Cowles Mountain November 4, 2014 Trip Report
© November 2014 Adam Helman

Note: Mouse-click either image for enlargement.


As my sciatica continues to improve I attempt increasingly larger hiking distances. Hence this morning I venture beyond Cowles Mountain's summit to an unnamed 1,380+ foot bump located en route to Pyles Peak.


Rather than take my usual service road to Cowles' summit I use the footpath - which is even more crowded with hikers and fitness enthusiasts. Within the 900 feet of gained elevation the final 3 or 400 feet is annoying, with a large number of switchbacks and hence much horizontal distance for a minimal ascent rate.

highest ground
The highest earth is
a rock outcrop.

Somehow I get it in my head that I must max-out the effort, and arrive within exactly 30 minutes of departure despite what I learn later is 1.6 miles distance. Going uphill with a sizable daypack at 3.2 mph (and 1,800 feet per hour) is not too shabby! I am exhausted on top, taking my time to rest before continuing on the Pyles Peak Trail to the aforementioned bump.

About 300 feet of elevation is lost, followed by maybe 75 or 100 feet of gain to the junction with a side trail leading to my bump. This minor trail, rarely frequented, heads east and soon south until it broadens into a roughly 15 x 15 foot area that's been cleared of brush and leveled - with wooden rails delineating its perimeter.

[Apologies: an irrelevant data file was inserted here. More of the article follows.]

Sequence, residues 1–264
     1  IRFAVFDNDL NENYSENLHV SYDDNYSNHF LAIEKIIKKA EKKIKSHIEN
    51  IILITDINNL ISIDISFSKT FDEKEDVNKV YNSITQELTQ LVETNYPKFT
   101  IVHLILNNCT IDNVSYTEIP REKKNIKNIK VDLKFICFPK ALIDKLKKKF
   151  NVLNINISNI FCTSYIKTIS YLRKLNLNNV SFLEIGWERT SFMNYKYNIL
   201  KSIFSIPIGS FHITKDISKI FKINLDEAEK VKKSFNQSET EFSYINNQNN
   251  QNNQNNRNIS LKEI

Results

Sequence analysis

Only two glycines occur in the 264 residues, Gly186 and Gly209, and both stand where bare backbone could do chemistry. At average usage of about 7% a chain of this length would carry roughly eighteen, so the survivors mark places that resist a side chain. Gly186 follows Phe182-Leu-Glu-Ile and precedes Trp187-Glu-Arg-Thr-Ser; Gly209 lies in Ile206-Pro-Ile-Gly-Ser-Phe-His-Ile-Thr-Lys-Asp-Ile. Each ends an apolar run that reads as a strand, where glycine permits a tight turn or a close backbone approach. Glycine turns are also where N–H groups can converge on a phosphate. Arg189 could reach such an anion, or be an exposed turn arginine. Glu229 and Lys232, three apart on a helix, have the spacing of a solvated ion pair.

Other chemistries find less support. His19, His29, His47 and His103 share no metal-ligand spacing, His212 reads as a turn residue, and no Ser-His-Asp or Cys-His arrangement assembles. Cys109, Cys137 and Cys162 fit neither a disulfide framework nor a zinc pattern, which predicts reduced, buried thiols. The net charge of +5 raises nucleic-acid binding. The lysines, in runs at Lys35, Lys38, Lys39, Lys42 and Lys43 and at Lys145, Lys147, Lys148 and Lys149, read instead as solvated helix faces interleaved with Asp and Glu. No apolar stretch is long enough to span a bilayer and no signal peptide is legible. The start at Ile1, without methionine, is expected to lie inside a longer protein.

Transmission equipment blocks
a direct view of Cowles' summit
as seen from my 1,380+ foot bump.

Slightly higher ground is immediately (20 feet?) northeast - the true hilltop - yet full of brush.

I lie down on my pack and rest in the shade. It's about 11 a.m. (coincidentally the exact time of day I write this fifteen days later!), watching bees hover midair and with a slight breeze. It's excellently relaxing...

Sadly I must leave, and so after maybe a half hour of sheer joy I reascend to Cowles Mountain, and tag its summit for the second time today.

A bunch of small children (with adult supervision) are just beginning to descend the trail. I don't want their noise so go down the approach road instead - making a loop route embedded within the morning's overall effort.